Power Poser: When big ideas go bad

Tom Bartlett in The Chronicle of Higher Education:

Photo_79537_portrait_325x488Amy Cuddy’s TED talk on power poses has been viewed 37 million times. For comparison purposes, Kanye West’s video “Famous,” which features naked celebrities in bed together, has been viewed 21 million times. Cuddy’s talk is the second-most-watched video in TED history, behind only Ken Robinson’s “Do Schools Kill Creativity?” — and, at its current pace, will eventually take over the No. 1 spot, thereby making power poses the most popular idea ever on the most popular idea platform. The talk led to a book, Presence, which was published a year ago by Little, Brown and became a best seller. For the promotional tour, Cuddy, an associate professor of business administration at Harvard Business School, popped up on an impressive list of television shows, including Good Morning America, Today, Morning Joe, and The Late Show With Stephen Colbert. She received the sort of publicity roll-out usually reserved for celebrities. And why not? Cuddy had become a celebrity in her own right. In Presence, she writes about getting recognized in airports and snapping selfies with fans. They spot her and immediately strike a power pose — feet apart, hands on hips, head thrown back. “Hey! It’s TED girl!” they cry.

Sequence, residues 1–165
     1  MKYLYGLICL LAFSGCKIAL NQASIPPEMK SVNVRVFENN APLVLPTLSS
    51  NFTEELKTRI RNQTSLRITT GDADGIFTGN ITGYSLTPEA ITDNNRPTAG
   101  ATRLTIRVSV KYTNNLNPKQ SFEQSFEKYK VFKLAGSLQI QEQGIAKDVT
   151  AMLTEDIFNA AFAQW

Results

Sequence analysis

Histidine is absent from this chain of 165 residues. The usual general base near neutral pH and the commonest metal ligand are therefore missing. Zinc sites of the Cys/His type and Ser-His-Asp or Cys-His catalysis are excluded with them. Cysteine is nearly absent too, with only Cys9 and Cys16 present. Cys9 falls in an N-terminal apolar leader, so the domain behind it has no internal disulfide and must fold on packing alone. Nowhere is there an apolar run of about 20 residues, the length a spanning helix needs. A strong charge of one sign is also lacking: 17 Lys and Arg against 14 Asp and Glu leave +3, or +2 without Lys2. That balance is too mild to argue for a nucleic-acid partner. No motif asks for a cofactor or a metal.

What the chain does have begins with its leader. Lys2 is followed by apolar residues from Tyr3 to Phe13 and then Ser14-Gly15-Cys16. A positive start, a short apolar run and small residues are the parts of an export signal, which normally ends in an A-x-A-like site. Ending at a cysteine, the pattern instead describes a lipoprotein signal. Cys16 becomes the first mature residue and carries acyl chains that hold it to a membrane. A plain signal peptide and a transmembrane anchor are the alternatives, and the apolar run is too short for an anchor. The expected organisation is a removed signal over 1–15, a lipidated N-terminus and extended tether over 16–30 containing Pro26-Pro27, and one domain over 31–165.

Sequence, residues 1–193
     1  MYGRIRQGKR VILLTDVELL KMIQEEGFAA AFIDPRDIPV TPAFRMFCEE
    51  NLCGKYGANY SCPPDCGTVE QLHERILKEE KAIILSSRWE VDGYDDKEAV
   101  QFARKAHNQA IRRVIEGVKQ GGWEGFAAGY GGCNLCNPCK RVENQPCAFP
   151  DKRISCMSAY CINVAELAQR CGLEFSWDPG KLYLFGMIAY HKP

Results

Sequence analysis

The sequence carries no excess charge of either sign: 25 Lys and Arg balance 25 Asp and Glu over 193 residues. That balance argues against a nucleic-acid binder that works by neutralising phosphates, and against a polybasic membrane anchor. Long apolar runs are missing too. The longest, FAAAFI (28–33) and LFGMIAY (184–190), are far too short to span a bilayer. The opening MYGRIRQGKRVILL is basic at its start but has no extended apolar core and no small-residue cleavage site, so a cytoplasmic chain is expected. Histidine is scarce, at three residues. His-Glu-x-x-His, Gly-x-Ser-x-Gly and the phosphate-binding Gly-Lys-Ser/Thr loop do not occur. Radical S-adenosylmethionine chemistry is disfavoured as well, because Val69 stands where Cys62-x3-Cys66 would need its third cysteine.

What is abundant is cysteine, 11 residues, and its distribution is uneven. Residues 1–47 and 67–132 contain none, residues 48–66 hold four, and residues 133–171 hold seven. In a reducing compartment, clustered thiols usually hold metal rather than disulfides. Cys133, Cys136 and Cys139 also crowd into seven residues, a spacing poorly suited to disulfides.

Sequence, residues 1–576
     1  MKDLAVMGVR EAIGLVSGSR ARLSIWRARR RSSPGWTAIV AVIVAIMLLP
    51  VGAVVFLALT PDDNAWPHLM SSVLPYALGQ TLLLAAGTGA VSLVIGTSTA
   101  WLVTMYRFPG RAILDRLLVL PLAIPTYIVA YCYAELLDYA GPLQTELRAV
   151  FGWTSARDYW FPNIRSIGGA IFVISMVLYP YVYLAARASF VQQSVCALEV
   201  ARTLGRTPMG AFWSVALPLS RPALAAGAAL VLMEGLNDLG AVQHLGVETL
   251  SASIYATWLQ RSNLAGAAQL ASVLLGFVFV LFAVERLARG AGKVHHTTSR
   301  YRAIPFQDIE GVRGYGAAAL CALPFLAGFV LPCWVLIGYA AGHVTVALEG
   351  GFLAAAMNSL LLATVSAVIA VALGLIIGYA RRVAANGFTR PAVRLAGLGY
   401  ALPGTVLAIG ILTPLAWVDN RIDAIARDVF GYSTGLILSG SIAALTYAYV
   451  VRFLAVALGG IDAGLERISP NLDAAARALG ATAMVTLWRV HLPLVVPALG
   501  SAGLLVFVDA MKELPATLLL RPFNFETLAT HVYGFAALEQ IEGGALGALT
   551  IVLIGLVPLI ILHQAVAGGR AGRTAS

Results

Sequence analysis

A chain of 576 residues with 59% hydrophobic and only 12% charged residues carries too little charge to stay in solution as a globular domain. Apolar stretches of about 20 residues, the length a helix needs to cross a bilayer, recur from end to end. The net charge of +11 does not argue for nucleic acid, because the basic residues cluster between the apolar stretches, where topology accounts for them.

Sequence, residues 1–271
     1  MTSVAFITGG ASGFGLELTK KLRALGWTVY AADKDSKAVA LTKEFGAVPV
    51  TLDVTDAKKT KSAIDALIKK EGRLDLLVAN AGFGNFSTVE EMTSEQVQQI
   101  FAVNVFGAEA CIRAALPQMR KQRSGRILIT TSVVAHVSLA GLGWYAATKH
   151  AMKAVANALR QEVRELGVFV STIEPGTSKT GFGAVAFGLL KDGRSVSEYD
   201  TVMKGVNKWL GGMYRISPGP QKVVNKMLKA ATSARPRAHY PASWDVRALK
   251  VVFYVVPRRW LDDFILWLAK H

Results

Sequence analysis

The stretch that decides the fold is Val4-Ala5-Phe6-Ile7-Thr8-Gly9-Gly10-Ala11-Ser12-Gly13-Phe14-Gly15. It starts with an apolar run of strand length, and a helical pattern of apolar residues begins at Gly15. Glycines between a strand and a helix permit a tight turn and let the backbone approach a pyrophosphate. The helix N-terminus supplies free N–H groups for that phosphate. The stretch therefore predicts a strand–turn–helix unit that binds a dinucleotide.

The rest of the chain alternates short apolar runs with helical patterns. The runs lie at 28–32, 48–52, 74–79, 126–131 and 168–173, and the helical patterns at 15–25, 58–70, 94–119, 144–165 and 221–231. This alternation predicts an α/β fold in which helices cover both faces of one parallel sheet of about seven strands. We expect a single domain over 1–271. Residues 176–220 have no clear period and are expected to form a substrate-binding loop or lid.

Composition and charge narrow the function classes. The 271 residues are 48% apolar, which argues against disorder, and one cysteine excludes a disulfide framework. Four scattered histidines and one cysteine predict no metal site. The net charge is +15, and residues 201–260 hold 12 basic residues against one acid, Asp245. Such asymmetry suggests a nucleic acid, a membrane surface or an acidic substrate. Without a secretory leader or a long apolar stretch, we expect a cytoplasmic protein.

As scientific ideas go, power poses could hardly be more clickable. For starters, it’s simple to understand: Standing like Wonder Woman or in another confident pose for two minutes is enough, Cuddy informs us, to transform a timid also-ran into a fierce go-getter. Even better, this life hack comes straight from an Ivy League professor who published her findings in a peer-reviewed journal bolstered by charts and percentages and properly formatted citations. This wasn’t feel-good conjecture; this was rock-solid research from a bona fide scientist. What went unmentioned on those shows, however, was that the study supporting Cuddy’s claims had begun to crumble. Well before the publication of her book, another research team had tried and failed to replicate the most-touted finding — that assuming a power pose leads to significant hormonal changes. In addition, the intriguing discovery that power poses made subjects more willing to take risks seemed dubious. In the wake of the apparent debunking, online science watchdogs sank their teeth into the study, picking apart its methodology and declaring its results risible. Then, in late September, one of Cuddy’s co-authors, Dana Carney, did something unusual: She posted a detailed mea culpa on her website, siding with the study’s critics. “I do not believe that ‘power pose’ effects are real,” wrote Carney, an associate professor of psychology at the University of California at Berkeley’s business school. Her note went on to say that, while the research had been performed in good faith, the data were “flimsy” and the design and analysis, in retrospect, unsound. She discouraged other researchers from wasting their time on power poses. So how did arguably the most popular idea on the internet end up on the scientific ash heap?

More here.